Travel Cost - $882.00
Lodging Cost - $950.00
Meal Cost -
Other Cost -
Total Cost - $1,832.00

Additional family members - Yes


Sponsor(s) - Lexington Institute
Dates - March 7, 2003 - March 11, 2003 (5 days)
Location(s) - Cuba

Purpose - Fact finding, meetings
Notes - Spouse Cheryl Flake accompanied. Other costs are for airport tax

Travel Cost - $776.66
Lodging Cost - $1,464.00
Meal Cost - $267.36
Other Cost - $50.00
Total Cost - $2,558.02

Additional family members - Yes


Sponsor(s) - Citizens for a Sound Economy
Dates - June 13, 2003 - June 14, 2003 (2 days)
Location(s) - Napa Valley, CA

Purpose - Speak on panel at annual conference
Notes - Spouse Cheryl Flake accompanied

Travel Cost - $804.00
Lodging Cost - $525.00
Meal Cost - $92.00
Other Cost -
Total Cost - $1,421.00

Additional family members - Yes


Sponsor(s) - Cato Institute
Dates - February 27, 2003 - March 1, 2003 (3 days)
Location(s) - Naples, FL

Purpose - CATO Institute annual benefactor summit, participated as speaker
Notes - Other costs are listed on otherwise identical forms as for 'activity' or 'discussion group during boat ride'

Travel Cost - $1,854.60
Lodging Cost - $283.40
Meal Cost - $141.75
Other Cost - $145.25
Total Cost - $2,425.00

Additional family members - No


Sponsor(s) - Heritage Foundation
Dates - February 3, 2005 - February 4, 2005 (2 days)
Location(s) - Baltimore, MD

Purpose - Conservative members retreat
Notes - Washington DC - Baltimore, MD

Travel Cost - $75.60
Lodging Cost - $212.63
Meal Cost - $191.91
Other Cost - $39.41
Total Cost - $519.55

Additional family members - No


Sponsor(s) - Club for Growth
Dates - March 11, 2005 - March 12, 2005 (2 days)
Location(s) - Fort Myers, FL

Purpose - To take part in a panel for a Club of Growth Conference
Notes - DC - Ft Myers, FL - Phoenix, AZ

Travel Cost - $856.60
Lodging Cost - $325.00
Meal Cost - $225.00
Other Cost -
Total Cost - $1,406.60

Additional family members - No


Sponsor(s) - Lexington Institute
Dates - March 20, 2005 - March 24, 2005 (5 days)
Location(s) - Cuba

Purpose - Fact- finding
Notes - Phoenix - Miami - Cuba / Cuba - Miami - Phoenix

Travel Cost - $1,708.00
Lodging Cost - $271.00
Meal Cost - $142.00
Other Cost -
Total Cost - $2,121.00

Additional family members - No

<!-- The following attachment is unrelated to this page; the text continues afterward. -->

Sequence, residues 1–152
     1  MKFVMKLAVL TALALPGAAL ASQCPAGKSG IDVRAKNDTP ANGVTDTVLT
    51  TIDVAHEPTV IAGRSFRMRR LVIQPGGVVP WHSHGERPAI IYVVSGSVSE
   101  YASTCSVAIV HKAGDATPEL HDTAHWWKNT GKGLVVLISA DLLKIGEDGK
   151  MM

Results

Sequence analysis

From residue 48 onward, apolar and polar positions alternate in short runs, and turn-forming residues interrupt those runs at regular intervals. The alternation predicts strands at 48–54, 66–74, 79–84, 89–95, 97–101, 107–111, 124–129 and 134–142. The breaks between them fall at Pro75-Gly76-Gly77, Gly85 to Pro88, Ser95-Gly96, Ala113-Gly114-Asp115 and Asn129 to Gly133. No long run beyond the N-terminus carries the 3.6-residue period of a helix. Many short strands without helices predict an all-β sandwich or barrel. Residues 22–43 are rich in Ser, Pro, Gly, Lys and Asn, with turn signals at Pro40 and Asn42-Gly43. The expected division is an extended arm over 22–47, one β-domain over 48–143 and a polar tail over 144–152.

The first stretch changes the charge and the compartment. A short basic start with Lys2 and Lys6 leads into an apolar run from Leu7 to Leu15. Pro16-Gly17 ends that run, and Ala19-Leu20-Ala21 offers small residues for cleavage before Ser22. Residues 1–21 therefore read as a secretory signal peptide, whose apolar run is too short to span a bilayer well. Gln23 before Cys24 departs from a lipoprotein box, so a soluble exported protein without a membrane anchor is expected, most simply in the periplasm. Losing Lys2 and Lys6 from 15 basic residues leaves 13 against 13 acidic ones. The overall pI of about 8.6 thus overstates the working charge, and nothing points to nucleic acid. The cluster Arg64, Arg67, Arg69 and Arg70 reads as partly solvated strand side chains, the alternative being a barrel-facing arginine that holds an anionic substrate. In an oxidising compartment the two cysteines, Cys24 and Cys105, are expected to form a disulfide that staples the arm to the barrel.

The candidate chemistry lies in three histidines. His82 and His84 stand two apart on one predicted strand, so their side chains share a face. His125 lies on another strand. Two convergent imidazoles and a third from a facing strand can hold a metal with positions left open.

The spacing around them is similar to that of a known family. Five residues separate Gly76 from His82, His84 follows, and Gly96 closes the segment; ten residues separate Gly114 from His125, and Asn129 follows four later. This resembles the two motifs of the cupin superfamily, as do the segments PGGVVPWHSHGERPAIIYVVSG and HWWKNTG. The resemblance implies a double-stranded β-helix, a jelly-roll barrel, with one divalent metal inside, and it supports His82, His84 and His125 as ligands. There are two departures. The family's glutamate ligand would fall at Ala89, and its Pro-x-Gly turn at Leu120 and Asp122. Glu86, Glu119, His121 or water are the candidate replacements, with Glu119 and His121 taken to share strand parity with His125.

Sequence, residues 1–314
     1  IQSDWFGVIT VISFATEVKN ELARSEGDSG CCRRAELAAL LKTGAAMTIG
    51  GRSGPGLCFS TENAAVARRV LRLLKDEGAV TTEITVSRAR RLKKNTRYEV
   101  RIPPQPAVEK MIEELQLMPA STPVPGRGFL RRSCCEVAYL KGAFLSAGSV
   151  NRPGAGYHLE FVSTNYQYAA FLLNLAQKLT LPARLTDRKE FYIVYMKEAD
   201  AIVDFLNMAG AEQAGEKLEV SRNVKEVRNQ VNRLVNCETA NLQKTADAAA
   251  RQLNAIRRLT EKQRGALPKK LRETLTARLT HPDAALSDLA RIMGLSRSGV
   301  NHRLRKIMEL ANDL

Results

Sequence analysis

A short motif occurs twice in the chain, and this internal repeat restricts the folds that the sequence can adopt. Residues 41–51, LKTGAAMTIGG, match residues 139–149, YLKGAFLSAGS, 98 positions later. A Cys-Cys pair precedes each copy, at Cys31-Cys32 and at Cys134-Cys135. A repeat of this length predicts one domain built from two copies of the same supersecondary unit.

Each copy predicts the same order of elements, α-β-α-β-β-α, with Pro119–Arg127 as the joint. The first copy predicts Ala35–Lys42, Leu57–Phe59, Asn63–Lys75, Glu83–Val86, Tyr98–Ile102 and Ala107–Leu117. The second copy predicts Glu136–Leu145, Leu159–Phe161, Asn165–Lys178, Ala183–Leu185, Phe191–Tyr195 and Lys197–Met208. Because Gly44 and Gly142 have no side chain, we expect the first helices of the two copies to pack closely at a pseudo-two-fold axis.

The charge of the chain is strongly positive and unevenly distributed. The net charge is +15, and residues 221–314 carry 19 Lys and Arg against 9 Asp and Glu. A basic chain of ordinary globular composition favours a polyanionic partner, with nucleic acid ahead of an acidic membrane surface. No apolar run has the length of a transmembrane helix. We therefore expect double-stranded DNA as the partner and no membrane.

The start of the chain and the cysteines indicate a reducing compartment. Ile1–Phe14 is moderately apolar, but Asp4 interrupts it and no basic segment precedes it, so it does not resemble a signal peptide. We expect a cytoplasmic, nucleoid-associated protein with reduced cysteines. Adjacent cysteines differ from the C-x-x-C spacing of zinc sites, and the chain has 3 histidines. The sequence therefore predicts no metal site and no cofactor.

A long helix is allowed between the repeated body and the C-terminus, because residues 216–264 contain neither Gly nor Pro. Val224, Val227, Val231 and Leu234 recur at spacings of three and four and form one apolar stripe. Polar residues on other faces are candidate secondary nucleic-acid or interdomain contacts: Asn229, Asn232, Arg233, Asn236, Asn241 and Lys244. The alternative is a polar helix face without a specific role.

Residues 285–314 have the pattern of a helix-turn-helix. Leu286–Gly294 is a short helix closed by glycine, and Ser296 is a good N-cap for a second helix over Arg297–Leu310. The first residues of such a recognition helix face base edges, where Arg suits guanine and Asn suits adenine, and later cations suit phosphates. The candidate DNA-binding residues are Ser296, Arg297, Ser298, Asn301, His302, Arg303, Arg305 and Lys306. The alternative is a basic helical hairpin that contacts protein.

Sponsor(s) - Club for Growth
Dates - February 20, 2004 - February 21, 2004 (2 days)
Location(s) - Palm Beach, FL

Purpose - To participate in a Club for Growth conference event
Notes - Phoenix - Palm Beach - Phoenix

Travel Cost - $1,300.00
Lodging Cost - $279.00
Meal Cost - $150.00
Other Cost -
Total Cost - $1,729.00

Additional family members - No


Sponsor(s) - Heritage Foundation
Dates - April 29, 2004 - April 30, 2004 (2 days)
Location(s) - Chicago, IL

Purpose - To speak at Heritage luncheon
Notes - Washington, DC - Chicago - Phoenix

Travel Cost - $324.20
Lodging Cost - $228.65
Meal Cost - $90.00
Other Cost -
Total Cost - $642.85

Additional family members - No


Sponsor(s) - Arizona Economic Forum
Dates - June 24, 2005 - June 25, 2005 (2 days)
Location(s) - Flagstaff, AZ

Purpose - Speak on panel re: immigration at the Arizona Economic Forum Annual Conference
Notes - Phoenix - Flagstaff, AZ Including spouse

Travel Cost -
Lodging Cost - $218.10
Meal Cost - $18.88
Other Cost -
Total Cost - $236.98

Additional family members - Yes

American RadioWorks | Hearing is Seeing
Students in Kentucky taking a Common Core math test. (Photo: Emily Hanford)

Greater Expectations

The United States is in the midst of a huge education reform. The Common Core State Standards are a new set of expectations for what students should learn each year in school. The standards have been adopted by most states, though there's plenty of controversy about them among activists and politicians. Most teachers, however, actually like the standards. This American RadioWorks documentary takes listeners into classrooms to explore how the standards are changing teaching and learning. Teachers say Common Core has the potential to help kids who are behind, as well as those who are ahead. But many teachers have big concerns about the Common Core tests. The new, tougher tests are meant to let the nation know how kids are really doing in school -- but bad scores could get teachers and principals fired.

Recent Posts

  • 08.29.14

    Greater Expectations transcript

  • 08.28.14

    A teacher loses faith in the Common Core

    New York teacher Kevin Glynn was once a big fan of the Common Core, but he says the standardized testing that's come along with it is reducing students to test scores and narrowing what gets taught in schools.
  • 08.28.14

    Are you smarter than a Common Core student? Try a Common Core test

    New Common Core tests are supposed to measure students' ability to think critically, analyze information, and cite evidence as well as test their conceptual understanding of mathematics and their ability to apply math to the real world. See how you'd do on a Common Core test.
  • 08.28.14

    Questioning the Common Core tests

    In the United States, education standards come with tests. Most students haven't been tested on the Common Core yet. But in one state where they have, the controversy is so intense that it's threatening to bring down the Common Core altogether.